The showdown between Chief Minister Prithviraj Chavan and NCP president Sharad Pawar reflects more than a conflict within the coalition between the Congress and the NCP. It is a clash of personalities, with each trying to assert his clout in Maharashtra politics.
Pawar has attacked Chavan for his reluctance about clearing projects that require the bending of rules. And his jibes have never gone unanswered since the showdown began in 2010.
“I admit I meticulously screen every critical file, says Chavan. “I cannot be blamed for withholding decisions where rules have to be violated.”
Pawar’s latest remark has been that the CM’s hands suffer a paralytic attack when it comes to clearing files. “Inordinate delays in taking decisions do not augur well for the state’s welfare.”
The battle lines are not restricted to the state administration. Chavan has thrown his hat into the cricket ring too. “Yes, I am trying my hand in cricket. I have become a member of the Mazgaon Cricket Club.”
“It is going to get murkier in the days ahead,” says an NCP minister. “The Maharashtra Cricket Association has always been Pawar’s domain. Even the Shiv Sena and the BJP have always bowed to his wishes.” And a BJP insider agrees, “Chavan appears to be working his way in with the help of senior BJP leader Gopinath Munde to undermine Pawar on the cricket pitch.”
Their political rivalry dates back decades. Chavan’s parents Premlatai and Anandrao Chavan belonged to the group against Yashwantrao Chavan, former deputy prime minister and Maharashtra’s first chief minister, who was Pawar’s political mentor during the latter’s early days in the Congress.
Anandrao Chavan served as union minister under Jawaharlal Nehru and Indira Gandhi. In 1991, when Prithviraj Chavan became the Lok Sabha MP from Karad following the death of his mother, until then the MP, he inherited their political legacy. His loyalties continued with the Nehru-Indira-Rajiv family and he enjoyed direct access to Sonia Gandhi. Whenever his views were sought on matters of Maharashtra, his was always perceived as an anti-Pawar voice.
When he was made chief minister, the NCP did not consider him a political threat because he had until then based all his politics in Delhi. It appears to have been under the impression that deputy chief minister Ajit Pawar would dominate administrative and electoral politics because of the chief minister’s inexperience in Maharashtra politics.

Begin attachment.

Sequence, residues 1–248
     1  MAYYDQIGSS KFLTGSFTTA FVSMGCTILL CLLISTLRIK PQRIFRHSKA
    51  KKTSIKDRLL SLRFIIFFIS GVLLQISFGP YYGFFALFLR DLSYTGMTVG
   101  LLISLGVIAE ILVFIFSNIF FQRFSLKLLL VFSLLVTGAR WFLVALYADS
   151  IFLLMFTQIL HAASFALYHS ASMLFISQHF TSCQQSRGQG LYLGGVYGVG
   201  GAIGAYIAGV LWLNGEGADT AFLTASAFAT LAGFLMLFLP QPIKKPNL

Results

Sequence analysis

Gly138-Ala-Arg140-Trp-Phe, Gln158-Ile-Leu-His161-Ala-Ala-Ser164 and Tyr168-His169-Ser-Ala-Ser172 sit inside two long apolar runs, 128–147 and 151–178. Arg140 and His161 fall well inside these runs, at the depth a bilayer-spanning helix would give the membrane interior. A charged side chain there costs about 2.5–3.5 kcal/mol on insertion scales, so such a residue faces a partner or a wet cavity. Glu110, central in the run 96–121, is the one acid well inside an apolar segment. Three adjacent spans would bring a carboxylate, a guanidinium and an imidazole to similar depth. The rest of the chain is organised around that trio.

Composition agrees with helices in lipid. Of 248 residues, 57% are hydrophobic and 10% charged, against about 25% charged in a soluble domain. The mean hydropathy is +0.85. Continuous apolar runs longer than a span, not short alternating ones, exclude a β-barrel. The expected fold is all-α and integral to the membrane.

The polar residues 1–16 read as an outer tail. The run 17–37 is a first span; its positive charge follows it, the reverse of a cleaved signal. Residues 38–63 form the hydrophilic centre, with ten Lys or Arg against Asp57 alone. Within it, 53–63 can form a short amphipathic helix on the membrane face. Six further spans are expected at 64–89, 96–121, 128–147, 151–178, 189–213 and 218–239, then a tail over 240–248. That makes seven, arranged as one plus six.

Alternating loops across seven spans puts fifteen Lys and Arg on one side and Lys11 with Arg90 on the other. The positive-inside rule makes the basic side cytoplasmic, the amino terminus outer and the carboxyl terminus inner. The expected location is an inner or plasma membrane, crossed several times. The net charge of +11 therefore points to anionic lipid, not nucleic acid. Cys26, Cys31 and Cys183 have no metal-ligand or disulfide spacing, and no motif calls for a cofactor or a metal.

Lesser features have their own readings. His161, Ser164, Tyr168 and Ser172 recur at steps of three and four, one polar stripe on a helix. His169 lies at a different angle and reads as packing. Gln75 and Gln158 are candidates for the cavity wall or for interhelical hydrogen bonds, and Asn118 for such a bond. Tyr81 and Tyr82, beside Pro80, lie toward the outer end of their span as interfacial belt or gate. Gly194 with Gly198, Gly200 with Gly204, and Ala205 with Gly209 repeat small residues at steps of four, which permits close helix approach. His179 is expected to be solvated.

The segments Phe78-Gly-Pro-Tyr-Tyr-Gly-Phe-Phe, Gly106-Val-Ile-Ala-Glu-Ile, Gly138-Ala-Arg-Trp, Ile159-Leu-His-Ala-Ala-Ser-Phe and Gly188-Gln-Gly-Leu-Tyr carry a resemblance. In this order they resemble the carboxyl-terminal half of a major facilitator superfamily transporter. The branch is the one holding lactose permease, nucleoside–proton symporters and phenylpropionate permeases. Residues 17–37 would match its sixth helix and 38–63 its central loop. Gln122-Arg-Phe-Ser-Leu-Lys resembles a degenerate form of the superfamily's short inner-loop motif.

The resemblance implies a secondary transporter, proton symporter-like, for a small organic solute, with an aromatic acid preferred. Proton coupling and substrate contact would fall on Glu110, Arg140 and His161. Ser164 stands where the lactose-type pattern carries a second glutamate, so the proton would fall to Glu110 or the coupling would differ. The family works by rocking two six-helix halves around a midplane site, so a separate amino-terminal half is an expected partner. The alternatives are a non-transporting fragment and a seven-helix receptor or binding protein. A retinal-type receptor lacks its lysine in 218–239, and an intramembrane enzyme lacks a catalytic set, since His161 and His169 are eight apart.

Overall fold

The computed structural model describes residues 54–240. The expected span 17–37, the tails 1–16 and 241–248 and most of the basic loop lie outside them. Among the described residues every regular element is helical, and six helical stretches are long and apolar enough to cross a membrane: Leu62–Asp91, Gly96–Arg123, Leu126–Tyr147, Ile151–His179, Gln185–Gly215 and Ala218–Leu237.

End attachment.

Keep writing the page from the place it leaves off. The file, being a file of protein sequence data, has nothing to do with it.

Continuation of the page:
A blow came in the form of Chavan’s decision to expose alleged financial irregularities and mismanagement in the Maharashtra State Cooperative Bank, which was controlled by Ajit Pawar. Through their clout in the apex cooperative bank, the Pawars had been controlling politics in rural Maharashtra. The chief minister’s move led to intervention by the RBI and the appointment of administrators.
In 2011, Chavan again hit the NCP by cracking down on corruption in irrigation, a sector under the department of water resources that had had Ajit Pawar as minister for 10 years. Ajit Pawar was no longer in charge when the crackdown came, having relinquished the portfolio after being made deputy chief minister in 2010, but he continued to have a say in the department now headed by his aide Sunil Tatkare. At least half a dozen cases relating to the Rs-70,000-crore came are under litigation.
Chavan and Sharad Pawar would speak on the phone and discuss developments in the state. At times, one would make a caustic remark at the other before they would patch up through coordination committee meetings.
What has bothered Pawar now is Chavan’s dominant role in deciding projects relating to departments controlled by the NCP. Chavan has put on hold a PWD project to extend the Bandra-Worli Sea Link to Nariman Point, though he has consented to a Rs-9,000-crore coastal road project by Maharashtra Metropolitan Regional Development Authority, which he controls.
PWD Minister Chhagan Bhujbal has often complained how “infrastructure committee meetings remain inconclusive”. NCP spokesperson Nawab Mulik said, “Delegations of industrialists or of the agriculture sector meet Pawar regularly and complain against Chavan’s indecisiveness. Why would anybody invest in a state where decisions are delayed indefinitely?”
The NCP estimates 144 files relating to public welfare are on hold. These include projects cleared in the cabinet.
Home is among the key departments in which NCP leaders resent Chavan’s assuming a decision-making role. It is held by R R Patil. Whenever Chavan has said, “The home department in any state should be with the chief minister,” NCP leaders have suggested Chavan hand over his urban development portfolio in exchange.
Pawar and Chavan are also battling over seat shares for 2014. Pawar sent union minister Praful Patel to seal a sharing formula — 22 out of 48 for the NCP, the remaining 26 for the Congress — but Chavan wants 19-29. Pawar reckons he needs 10 to 12 to retain his clout at the Centre. And the Congress wants to keep the NCP below that.